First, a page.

An Insidious “ism”: Ageism

Yesterday, I said the only controversy bubbling at my house was over chili with beans or chili without (go vote, if you haven’t).

I lied.

Well, I didn’t actually lie, but I did a little blog hopping to some of my favorite places and found some more controversy to consider. I read this post by the Savvy Boomer on ageism. He linked to some ageist remarks he saw on the internet. Linking to them, of course, called the writers out of the woodwork. I’m not going to do that, because I saw the types of comments those young pups made, and I don’t have time to deal with dumb. You can read his article if you want to follow the links. The controversy in the comment section is great fun.

Reading that made me really start to try to analyze ageism. Thinking about it makes my blood boil as hot as three alarm chili! It’s an insidious little “ism” that has invaded our culture, and I’m not sure exactly when that happened. Other cultures value their elders, even revere them. Here in America, we seem to toss out and disregard the “old.” Not just old stuff, but old people. Did that start during the Great Depression? When and why on earth did it begin?

Unfortunately, age is playing a part in our political debates, just as is race and gender. There are people, surprisingly enough, who make remarks like, “I’m not voting for Obama because he is black,” or “I’m not voting for Hillary because she’s a woman.Most of them make those remarks privately to friends, because they would not want the world to know that they are racist or sexist. Even those people can recognize racism and sexism in a heartbeat.

Why is it, then, that we don’t recognize ageism?

Savvy quoted one gal as saying, “I have to vote for someone…and that someone will not be McCain. Mostly because he’s downright too old. I’m not an ageist.” Sure you aren’t an ageist, bless your heart.

She claimed in a comment to Savvy that her remark was “innocent.” I followed that link, and read her article. I was more offended by this particular line of reasoning:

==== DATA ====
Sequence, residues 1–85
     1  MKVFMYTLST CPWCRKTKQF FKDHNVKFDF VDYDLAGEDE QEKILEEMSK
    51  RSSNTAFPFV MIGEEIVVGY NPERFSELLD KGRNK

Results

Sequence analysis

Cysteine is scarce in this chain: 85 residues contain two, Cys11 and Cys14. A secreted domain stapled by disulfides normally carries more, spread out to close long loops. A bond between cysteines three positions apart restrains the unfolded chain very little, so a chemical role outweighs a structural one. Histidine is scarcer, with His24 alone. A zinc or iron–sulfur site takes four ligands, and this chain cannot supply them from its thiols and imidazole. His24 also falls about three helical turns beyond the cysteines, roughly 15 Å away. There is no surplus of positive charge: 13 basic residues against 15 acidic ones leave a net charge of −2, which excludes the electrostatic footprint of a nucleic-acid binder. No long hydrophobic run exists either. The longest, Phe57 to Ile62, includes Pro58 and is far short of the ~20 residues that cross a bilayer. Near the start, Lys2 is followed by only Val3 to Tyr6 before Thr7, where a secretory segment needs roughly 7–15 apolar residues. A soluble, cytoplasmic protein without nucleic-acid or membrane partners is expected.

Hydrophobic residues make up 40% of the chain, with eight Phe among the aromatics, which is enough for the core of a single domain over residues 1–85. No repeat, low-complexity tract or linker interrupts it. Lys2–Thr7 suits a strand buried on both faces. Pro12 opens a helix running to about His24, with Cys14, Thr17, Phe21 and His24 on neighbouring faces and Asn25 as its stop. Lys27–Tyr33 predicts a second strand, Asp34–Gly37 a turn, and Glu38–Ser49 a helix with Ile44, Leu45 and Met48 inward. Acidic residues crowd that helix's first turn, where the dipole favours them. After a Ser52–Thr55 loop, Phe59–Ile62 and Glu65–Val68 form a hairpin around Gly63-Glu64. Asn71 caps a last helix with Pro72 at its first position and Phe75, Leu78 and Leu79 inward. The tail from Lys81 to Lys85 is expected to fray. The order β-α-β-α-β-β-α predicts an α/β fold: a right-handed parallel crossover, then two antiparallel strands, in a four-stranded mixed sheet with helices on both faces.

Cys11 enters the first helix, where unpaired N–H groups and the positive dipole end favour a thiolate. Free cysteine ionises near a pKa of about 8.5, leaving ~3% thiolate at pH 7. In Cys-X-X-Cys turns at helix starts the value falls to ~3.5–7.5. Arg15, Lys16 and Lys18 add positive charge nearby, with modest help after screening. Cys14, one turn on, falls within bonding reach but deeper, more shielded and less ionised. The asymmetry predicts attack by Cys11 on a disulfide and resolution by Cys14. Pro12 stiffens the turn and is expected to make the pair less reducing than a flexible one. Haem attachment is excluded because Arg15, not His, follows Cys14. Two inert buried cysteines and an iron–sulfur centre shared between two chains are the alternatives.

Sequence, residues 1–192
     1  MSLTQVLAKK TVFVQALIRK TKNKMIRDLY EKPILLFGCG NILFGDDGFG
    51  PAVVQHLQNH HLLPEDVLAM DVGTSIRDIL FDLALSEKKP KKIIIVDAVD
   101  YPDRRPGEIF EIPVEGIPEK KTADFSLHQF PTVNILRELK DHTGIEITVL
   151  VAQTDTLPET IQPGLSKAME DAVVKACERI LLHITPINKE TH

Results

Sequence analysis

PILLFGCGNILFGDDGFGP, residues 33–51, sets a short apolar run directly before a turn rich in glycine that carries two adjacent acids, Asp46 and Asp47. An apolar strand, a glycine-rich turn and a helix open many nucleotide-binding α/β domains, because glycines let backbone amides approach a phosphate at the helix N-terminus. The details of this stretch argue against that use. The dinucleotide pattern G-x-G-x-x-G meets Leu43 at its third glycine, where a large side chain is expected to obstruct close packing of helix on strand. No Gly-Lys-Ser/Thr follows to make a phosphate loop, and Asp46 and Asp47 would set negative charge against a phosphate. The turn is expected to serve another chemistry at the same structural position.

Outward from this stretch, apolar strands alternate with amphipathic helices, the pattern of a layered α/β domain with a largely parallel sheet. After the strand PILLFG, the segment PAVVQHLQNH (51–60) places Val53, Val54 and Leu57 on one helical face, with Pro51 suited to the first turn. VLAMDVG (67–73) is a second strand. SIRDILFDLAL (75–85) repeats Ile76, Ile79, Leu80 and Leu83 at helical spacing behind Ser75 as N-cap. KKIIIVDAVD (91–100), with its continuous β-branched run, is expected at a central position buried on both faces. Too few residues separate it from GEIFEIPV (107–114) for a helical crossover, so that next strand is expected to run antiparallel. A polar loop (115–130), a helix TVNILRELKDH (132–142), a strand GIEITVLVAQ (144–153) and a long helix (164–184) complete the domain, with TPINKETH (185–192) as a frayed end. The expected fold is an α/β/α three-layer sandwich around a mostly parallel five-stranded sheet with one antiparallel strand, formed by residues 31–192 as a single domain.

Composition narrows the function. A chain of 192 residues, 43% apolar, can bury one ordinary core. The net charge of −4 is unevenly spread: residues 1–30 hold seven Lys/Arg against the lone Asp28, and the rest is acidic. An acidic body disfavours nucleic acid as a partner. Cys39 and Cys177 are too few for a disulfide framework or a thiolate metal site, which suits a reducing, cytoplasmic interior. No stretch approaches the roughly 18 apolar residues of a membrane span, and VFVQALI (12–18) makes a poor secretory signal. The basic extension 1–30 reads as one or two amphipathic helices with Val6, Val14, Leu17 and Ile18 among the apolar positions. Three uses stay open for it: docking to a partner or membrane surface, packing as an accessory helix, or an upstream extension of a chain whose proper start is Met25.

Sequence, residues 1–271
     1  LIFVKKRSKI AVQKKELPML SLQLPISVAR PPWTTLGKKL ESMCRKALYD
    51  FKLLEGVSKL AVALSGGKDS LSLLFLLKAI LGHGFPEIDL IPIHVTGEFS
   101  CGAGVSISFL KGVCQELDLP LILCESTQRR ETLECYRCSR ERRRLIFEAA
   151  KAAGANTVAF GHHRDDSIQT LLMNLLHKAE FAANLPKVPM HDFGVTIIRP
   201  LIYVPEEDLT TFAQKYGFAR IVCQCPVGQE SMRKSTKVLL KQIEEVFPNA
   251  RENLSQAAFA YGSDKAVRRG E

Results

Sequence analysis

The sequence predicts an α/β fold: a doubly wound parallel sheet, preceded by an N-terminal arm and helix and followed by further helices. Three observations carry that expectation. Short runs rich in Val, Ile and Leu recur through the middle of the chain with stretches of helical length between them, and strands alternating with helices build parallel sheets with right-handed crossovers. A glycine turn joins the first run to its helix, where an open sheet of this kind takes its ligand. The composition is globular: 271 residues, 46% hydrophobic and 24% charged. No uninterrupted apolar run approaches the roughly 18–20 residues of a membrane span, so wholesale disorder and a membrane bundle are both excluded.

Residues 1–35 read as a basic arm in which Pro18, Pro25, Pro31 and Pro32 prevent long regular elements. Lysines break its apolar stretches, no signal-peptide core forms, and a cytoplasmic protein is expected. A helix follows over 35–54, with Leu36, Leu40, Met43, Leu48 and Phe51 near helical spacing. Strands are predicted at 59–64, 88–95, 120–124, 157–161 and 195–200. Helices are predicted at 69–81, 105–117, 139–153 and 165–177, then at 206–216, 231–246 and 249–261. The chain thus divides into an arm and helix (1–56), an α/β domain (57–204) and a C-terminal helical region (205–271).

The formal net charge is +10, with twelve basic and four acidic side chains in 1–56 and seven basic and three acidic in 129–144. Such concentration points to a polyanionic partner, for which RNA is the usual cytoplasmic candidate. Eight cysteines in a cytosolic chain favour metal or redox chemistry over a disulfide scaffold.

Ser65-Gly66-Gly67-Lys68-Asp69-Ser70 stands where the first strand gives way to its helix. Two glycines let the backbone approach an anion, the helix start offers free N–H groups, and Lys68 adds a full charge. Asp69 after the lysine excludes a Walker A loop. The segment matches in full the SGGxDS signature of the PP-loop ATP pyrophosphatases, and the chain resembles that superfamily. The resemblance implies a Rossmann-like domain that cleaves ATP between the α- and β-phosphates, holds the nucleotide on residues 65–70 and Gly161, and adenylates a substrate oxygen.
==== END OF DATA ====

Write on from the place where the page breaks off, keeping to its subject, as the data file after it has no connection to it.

“Sorry to say this, but youth is king in America. Young people created everything we “worship” in today’s times of technology, ideology and every d*** other “ology” you can think of…”

I beg to differ.

Perhaps in technology youth is king, at least as far as the media is concerned. I didn’t waste the time in looking up ages of technological geniuses. Surely in fashion, youth is king (again because the media declares it so). But not in ideology. Correct me if I’m wrong, but I thought our American political ideology is based on The Declaration of Independence and The United States Constitution.

Take a hard look at our Founding Fathers.

In the 1700’s, the “average” lifespan was much lower than it is today, mostly because many people didn’t live past childhood. There are many different opinions on what the average lifespan was (some sources say as low as the twenties). Infant mortality was astronomical, and childhood diseases often snuffed a life before it got good and started. The chances were good that if one survived past twenty, one could live until sixty. That was often affected by wealth (which allowed one to have a proper diet and medical attention). Still, a person in their thirties was considered “long in the tooth.”

According to Life Two, the average age of the signers of the Declaration of Independence (at signing) was 45 years old.

For the times, that made most of them “old farts,” didn’t it? More than 200 years later, the words those “old men” wrote are as valid and as compelling as they were the day they were put to paper.


And, what about this guy?

Arguably, Benjamin Franklin was one of the most brilliant men to ever walk the planet. He was an author and printer, satirist, political theorist, politician, scientist, inventor, civic activist, statesman and diplomat. He was also one of the Committee of Five, who drafted The Declaration of Independence.

He was born on January 17, 1706, which would have made him about 70 at the time he wrote and signed that document. He lived to be 84, and was active and productive, a champion of independence and freedom, to the end of his life. He did not let his age affect his performance one bit.

Nope. You can’t convince this old broad that youth “invented” our ideology.

You can’t convince me that John McCain’s age would prevent him from doing a good job in office any more than you can convince me that Hillary’s gender or Obama’s skin color would affect their performance. All of these people are excellent candidates.

This really is not about politics, but no, I’m not voting for McCain. That’s because I’m a liberal Democrat, who fully supports your right not to be, so don’t start arguing with me. I have control of the delete button on this blog, after all.

Even so, I would hope that, when you exercise your right to vote, you look past the “isms” that you may carry. Don’t choose (or discount) a candidate because of gender, race, or age. Look at their political ideology, and see if it matches yours. That person is the candidate for you to choose.

I’d also like you to consider your views on age. It’s gonna happen to all of us, if we are lucky. I don’t ask you to blindly accept the adage “with age comes wisdom.” It’s not true. A stupid young person grows into a stupid old person. But, growing old does not make a person stupid, either. There is a lot to be said for life experience, and sometimes that is more important than wisdom. Just consider that we are wasting our time in glorifying youth, because it just doesn’t last. Age is a great equalizer, and can be just as glorious, in its own way.